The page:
Tag Archives: policy
NFL Commissioner Roger Goodell today announced the launch of Play Smart. Play Safe. — “an initiative to drive progress in the prevention, diagnosis and treatment of head injuries, enhance medical protocols and further improve the way the game is taught and played.
“To begin the initiative, the NFL and its 32 club owners have pledged an additional $100 million in support of independent medical research and engineering advancements—building on the $100 million that the NFL and its partners are already spending on medical and neuroscience research—and they have committed to anything and everything to make the game of football safer.
“The Commissioner and the NFL owners said their primary interest is in keeping players and the public informed about important health issues. They acknowledged that while the NFL can never completely eliminate the risk of injury in football, the league will strive to make the game safer for professional athletes down to young athletes first learning how to play.
“To underscore how the NFL plans to achieve its goal of making the game safer, the Play Smart. Play Safe. initiative is organized under four pillars:
- Protecting Players: Making changes on and off the field to protect the health and safety of every player in the NFL.
- Advanced Technology: Championing new developments in engineering, biomechanics, advanced sensors and material science that mitigate forces and better prevent against injuries in sports.
- Medical Research: Supporting independent research to advance progress in the prevention, diagnosis and treatment of head injuries, and accelerate scientific understanding of their long-term impact.
- Sharing Progress: Sharing what the NFL learns across all levels of football—and to other sports and society at large.
“The new, long-term commitment builds on progress the NFL—working with all 32 clubs and the NFL Players Association—has made in recent years to improve health and safety.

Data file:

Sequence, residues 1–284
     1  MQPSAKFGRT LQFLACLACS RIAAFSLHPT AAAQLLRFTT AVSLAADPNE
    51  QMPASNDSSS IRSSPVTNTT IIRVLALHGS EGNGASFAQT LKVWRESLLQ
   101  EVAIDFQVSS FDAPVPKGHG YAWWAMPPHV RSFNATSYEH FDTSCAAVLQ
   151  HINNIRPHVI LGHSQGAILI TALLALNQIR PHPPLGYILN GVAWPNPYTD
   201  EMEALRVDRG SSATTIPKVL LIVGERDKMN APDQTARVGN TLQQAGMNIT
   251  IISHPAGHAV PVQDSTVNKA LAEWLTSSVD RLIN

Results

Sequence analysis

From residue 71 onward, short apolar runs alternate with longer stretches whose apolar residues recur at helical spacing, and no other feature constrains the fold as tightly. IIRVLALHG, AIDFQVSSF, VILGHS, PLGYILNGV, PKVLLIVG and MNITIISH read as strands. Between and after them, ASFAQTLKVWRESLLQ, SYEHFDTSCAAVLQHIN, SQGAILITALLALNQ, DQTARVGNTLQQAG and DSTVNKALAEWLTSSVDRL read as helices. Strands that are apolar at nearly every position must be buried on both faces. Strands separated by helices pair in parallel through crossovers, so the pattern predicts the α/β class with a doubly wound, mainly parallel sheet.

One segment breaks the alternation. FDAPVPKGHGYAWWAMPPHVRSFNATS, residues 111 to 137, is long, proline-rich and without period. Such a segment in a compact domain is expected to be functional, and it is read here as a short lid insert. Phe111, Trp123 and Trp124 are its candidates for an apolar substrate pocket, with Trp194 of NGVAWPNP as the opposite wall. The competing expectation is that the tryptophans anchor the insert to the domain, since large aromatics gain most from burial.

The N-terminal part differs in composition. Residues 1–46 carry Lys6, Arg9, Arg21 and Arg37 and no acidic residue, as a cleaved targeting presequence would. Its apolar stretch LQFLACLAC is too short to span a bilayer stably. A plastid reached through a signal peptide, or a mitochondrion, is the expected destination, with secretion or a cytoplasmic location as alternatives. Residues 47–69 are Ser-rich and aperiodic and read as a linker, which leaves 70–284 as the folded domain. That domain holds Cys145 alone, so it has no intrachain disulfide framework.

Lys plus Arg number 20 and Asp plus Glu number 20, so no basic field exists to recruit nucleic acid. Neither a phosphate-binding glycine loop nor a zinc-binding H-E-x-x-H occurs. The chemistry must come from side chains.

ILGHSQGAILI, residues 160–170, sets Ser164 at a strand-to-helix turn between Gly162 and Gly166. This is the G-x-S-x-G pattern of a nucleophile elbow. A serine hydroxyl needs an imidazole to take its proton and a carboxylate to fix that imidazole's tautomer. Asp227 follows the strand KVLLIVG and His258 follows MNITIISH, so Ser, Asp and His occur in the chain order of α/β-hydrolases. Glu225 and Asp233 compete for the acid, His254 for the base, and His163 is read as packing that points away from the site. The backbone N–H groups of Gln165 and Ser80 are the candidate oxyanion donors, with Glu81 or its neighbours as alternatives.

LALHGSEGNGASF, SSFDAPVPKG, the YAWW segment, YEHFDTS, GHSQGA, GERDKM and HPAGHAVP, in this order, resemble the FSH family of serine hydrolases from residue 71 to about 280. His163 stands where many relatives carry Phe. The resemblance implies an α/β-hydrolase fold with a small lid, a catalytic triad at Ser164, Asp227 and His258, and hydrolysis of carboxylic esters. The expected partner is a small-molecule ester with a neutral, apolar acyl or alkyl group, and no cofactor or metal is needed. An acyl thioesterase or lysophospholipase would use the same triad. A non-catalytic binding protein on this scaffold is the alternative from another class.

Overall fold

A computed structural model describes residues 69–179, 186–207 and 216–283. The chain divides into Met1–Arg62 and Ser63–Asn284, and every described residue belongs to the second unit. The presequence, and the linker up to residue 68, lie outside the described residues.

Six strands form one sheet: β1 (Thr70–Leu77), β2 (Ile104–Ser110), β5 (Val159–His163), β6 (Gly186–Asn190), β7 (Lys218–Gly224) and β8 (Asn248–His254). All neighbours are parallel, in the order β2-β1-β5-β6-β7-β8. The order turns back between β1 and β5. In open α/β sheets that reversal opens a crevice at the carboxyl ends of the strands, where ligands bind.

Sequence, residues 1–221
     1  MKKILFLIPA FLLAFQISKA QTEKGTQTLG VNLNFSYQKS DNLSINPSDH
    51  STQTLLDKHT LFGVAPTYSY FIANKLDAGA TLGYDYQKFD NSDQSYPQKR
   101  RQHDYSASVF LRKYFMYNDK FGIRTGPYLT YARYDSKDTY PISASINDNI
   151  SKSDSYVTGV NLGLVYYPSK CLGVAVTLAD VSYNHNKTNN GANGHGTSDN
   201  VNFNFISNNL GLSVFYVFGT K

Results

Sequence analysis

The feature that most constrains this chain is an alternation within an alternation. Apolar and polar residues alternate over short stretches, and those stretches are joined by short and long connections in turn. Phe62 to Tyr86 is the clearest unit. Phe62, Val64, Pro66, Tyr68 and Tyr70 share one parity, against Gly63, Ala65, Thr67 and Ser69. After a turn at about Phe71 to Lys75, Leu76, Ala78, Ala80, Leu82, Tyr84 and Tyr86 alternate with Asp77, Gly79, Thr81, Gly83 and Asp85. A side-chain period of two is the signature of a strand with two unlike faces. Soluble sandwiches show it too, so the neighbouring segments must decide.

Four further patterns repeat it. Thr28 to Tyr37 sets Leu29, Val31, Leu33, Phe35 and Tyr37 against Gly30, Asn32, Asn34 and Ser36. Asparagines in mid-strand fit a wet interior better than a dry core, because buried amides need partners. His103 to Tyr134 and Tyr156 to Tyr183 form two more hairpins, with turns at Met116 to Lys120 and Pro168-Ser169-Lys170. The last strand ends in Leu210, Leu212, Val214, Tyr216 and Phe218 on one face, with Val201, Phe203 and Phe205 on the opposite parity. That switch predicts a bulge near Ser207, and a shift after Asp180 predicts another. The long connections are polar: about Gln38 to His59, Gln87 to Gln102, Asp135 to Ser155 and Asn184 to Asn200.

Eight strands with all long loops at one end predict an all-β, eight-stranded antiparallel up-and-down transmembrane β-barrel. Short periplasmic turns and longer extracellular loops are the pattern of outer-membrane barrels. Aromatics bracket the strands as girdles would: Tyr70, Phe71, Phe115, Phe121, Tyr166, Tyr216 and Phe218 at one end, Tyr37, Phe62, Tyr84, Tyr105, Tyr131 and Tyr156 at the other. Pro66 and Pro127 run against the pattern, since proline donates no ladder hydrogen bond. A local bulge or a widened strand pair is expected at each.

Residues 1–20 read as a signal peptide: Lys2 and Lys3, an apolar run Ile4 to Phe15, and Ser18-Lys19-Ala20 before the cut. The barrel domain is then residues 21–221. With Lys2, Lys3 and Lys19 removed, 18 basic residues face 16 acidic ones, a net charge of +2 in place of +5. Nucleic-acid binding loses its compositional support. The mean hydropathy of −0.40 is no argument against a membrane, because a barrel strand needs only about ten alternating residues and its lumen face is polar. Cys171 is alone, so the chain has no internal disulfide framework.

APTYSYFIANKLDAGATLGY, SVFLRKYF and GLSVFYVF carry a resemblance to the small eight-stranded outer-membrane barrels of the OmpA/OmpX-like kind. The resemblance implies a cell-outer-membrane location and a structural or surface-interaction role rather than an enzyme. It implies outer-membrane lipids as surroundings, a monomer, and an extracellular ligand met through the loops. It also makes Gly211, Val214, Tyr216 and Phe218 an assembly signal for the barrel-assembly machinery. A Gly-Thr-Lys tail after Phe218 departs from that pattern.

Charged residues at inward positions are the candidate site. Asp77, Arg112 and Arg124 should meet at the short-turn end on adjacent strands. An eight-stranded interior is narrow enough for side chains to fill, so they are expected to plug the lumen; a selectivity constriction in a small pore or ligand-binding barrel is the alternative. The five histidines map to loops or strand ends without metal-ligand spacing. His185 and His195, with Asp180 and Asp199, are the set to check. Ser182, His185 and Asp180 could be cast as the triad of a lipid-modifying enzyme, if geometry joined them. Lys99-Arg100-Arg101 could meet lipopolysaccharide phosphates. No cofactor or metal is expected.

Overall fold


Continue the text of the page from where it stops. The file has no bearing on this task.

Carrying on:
“The NFL has made 42 rule changes since 2002 to protect players, improve practice methods, better educated players and personnel on concussions, and strengthen our medical protocols. The NFL has transformed the sideline, staffing each game with 29 medical professionals. Along with the NFLPA, the league recently announced a new policy to enforce the NFL Game Day Concussion Protocol. This new agreement makes clear that there will be serious consequences for any team that fails to follow the protocols.”
“For more information about the initiative, and to read the Commissioner’s letter to fans, please visit www.PlaySmartPlaySafe.com.”
The Ivy League will use an experimental rule for the 2016 football season to move kickoffs to the 40-yard line and touchbacks to the 20-yard line in an effort to reduce concussions and further promote the safety and welfare of its student-athletes.
“This experimental rule change is another example of The Ivy League leading the nation in concussion prevention,” said Executive Director Robin Harris. “Our data showed us that kickoffs result in a disproportionate number of concussions and this rule will allow us to assess whether limiting kickoff returns will reduce the incidence of concussions.”
The goal of the experimental rule is to limit kickoff returns, which account for 23.4 percent of concussions during games despite representing only 5.8 percent of overall plays. The League will evaluate the concussion and kickoff return data after the 2016 season. The request was made to the NCAA as a part of The Ivy League’s overall review of concussions, which began with football in 2010 and has included eight other sports to date (men’s and women’s lacrosse, men’s and women’s ice hockey, men’s and women’s soccer, wrestling, rugby). As a result of this comprehensive review of concussions, the League began an all-sports concussion data collection and study in 2013. Data from this study prompted discussion of kickoffs, which led to The Ivy League head football coaches suggesting this experimental rule change. The NCAA granted The League’s request for conference games only.
This experimental rule is the latest in a series of Ivy policies and rules that are designed to limit the incidence of concussions. Most recently in May, The Ivy League formally adopted another policy originating with the League’s eight head football coaches to eliminate to-the-ground (“live”) tackling in practices during the regular season, which will also go into effect with the 2016 campaign. Changing practice rules does not require NCAA approval.